S. Bethany has funding available for park research

South Bethany has enough money available in its current budget to pay for up to $5,000 in expenses related to investigating whether the existing Richard Hall Memorial Park can be developed into something more than a wooded parcel adjacent to the town hall.

That was the finding of the town’s Budget & Finance Committee (B&F) at their Jan. 14 meeting. The committee had been tasked with determining whether the funds were available after the town council put the brakes on a possible referendum on the park proposal until some more research had been done on legal issues and suitability of the site.

Members of the South Bethany Property Owners Association’s park committee turned out last Thursday to get an idea of exactly what the committee would be considering in making its findings for the council and had a limited dialogue on the issue with B&F members.

Councilman and Committee Chairman Timothy Saxton emphasized to them, however, that the committee was considering only whether the town had $5,000 available for the expected legal and engineering work to determine the suitability of the site for a proposed pavilion, playground and exercise stations.

Park committee members had arrived on Jan. 14 with a lower estimate for the cost of that work, saying they had found someone to volunteer some of the services, at no cost, possibly reducing the cost to the town for some of the research from $3,600 to just a few hundred dollars.

However, Saxton said he felt it would be up to the council to determine whether it wanted to accept that volunteer service and, thus, the committee would still only be considering whether the $5,000 was available.

But, he acknowledged early in the discussion, it was already obvious to the committee members that the funding was available. So, it was hardly a surprise when committee members later voted unanimously to that that effect and agreed to pass along both that finding and the offer of volunteer services to the council for further action.

That could lead to an eventual referendum on the issue – possibly this spring, during council elections – in which citizens could be asked whether they support the concept for the park or a more detailed plan.

The full cost of the park has been estimated at anywhere between $100,000 and $120,000, if constructed as proposed.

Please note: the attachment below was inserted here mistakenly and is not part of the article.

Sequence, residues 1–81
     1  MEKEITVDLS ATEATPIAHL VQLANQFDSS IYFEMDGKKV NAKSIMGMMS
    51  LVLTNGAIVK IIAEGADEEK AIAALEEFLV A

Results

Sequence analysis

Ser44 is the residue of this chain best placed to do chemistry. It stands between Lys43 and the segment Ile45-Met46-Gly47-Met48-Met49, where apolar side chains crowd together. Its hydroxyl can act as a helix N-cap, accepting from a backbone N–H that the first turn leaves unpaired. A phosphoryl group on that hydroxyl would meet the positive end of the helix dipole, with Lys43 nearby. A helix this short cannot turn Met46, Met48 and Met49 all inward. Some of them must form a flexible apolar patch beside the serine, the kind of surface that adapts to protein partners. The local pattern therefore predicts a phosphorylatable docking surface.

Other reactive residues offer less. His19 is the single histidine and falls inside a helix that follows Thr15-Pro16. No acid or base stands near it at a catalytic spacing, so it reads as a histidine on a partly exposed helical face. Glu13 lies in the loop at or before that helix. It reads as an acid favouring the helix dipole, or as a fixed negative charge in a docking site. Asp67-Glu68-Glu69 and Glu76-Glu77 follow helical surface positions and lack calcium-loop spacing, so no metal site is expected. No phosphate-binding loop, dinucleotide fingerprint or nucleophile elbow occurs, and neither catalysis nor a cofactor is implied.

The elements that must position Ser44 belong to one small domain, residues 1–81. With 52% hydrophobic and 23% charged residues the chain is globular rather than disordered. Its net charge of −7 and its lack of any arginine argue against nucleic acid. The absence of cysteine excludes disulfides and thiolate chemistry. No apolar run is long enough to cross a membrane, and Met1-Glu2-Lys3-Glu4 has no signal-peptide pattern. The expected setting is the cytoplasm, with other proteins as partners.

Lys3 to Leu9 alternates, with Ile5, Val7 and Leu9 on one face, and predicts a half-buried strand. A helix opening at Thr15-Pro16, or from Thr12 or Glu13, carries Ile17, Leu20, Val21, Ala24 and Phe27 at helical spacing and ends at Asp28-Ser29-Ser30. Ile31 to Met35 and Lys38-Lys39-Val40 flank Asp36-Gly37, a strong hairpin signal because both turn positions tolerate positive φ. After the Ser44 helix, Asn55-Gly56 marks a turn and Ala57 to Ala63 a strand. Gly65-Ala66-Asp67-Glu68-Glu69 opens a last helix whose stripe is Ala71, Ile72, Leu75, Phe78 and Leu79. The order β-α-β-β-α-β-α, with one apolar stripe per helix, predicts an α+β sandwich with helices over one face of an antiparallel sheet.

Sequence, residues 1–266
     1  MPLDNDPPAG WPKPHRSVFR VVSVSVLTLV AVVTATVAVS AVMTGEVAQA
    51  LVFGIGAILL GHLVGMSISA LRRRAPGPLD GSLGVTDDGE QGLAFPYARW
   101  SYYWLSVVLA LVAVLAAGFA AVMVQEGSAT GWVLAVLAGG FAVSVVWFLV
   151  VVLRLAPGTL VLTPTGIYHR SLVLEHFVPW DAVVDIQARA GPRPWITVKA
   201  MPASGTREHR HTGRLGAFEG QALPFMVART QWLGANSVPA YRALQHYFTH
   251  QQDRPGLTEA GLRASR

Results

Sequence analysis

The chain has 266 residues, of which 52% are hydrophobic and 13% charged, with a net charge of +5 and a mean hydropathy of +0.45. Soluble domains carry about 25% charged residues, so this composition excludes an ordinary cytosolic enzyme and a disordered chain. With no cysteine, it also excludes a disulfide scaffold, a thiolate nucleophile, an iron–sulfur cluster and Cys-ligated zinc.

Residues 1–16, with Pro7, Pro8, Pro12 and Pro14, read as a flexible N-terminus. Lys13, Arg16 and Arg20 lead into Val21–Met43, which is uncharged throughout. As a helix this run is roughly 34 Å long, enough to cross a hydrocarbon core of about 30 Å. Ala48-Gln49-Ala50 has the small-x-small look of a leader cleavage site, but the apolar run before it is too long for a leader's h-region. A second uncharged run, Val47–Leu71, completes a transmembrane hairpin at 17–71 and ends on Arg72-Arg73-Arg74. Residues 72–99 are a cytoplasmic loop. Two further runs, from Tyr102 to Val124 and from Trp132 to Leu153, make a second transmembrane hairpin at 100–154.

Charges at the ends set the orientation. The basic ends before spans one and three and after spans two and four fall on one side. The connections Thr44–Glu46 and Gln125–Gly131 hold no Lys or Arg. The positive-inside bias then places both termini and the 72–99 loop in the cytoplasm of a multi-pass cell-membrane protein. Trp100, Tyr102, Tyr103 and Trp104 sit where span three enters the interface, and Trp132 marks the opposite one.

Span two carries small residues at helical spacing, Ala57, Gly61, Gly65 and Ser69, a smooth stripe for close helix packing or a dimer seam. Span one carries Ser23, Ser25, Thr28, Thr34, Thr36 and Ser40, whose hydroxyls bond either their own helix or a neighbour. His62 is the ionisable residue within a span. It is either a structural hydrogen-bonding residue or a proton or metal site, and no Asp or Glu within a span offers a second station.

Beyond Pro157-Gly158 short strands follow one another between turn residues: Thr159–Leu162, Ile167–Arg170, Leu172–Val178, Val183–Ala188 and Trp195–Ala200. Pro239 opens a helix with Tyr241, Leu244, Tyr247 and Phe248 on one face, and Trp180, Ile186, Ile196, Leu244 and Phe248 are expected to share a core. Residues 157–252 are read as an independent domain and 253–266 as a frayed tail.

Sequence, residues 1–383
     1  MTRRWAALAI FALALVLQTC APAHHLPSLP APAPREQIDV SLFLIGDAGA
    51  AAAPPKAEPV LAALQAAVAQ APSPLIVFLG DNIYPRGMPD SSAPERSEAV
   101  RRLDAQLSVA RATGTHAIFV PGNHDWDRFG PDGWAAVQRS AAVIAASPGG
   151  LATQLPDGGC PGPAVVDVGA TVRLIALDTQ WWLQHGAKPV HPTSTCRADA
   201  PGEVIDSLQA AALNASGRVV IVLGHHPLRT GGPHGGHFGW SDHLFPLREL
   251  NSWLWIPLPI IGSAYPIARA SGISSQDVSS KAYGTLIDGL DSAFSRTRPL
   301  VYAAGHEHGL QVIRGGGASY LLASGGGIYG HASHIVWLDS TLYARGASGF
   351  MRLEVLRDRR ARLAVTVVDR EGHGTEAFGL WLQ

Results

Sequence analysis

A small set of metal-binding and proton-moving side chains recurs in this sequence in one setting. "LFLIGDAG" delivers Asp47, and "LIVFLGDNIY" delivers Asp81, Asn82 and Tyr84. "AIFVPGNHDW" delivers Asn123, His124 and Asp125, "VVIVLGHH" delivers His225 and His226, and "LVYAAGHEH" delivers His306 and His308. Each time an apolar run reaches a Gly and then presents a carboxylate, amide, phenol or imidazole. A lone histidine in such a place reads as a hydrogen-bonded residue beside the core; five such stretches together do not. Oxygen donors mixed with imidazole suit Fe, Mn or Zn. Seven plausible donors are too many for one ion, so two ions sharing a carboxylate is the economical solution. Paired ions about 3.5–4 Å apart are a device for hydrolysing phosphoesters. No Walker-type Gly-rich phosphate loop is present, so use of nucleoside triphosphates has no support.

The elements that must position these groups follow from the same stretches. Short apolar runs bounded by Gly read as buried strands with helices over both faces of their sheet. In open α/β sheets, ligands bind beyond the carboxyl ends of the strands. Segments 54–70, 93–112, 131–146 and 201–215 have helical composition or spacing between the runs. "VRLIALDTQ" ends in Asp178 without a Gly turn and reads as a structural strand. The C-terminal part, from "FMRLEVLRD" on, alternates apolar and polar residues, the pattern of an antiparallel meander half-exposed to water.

Park committee member Pat VanCleve noted on Jan. 14, though, that the project could easily be constructed in phases, to eliminate the need to fund it all at once. The project has seen strong and vocal opposition from some citizens, along with its supporters.

Also on Jan. 14:

• Committee members approved continuation of existing budget plans for the town’s various departments, based on a solid revenue picture for the current fiscal year.

• The committee extensively discussed options for long-range financial planning and the town’s reserve funds, citing a need to account for expected depreciation of town assets and eventual replacement needs for those items. With those costs expected only to increase, some committee member said they favored a more aggressive strategy for reserve levels that would better account for future costs.

Fully funding the town’s desired reserve levels would require a 9 percent increase in the town’s property taxes, committee member George Junkin noted, and committee members expressed concern about what that could mean for the town, where comparatively low property taxes are a big draw for property buyers.

“Be careful when you compare South Bethany with Montgomery County (Md.) and Manassas (Va.),” Saxton warned. “We are not them.”

“If we become like them,” said committee member John Rubinsohn, “it will be a disaster for this community.”

• The committee approved an additional $1,400 in funding for beautification projects in the town, on top of an existing $1,200 left in the current year’s budget. The spending is the first portion of what is proposed to be a more extensive beautification effort this spring and later this year, in an attempt to restore and preserve the town’s existing flower beds until beautification can be funded as fully as beautification committee members might like.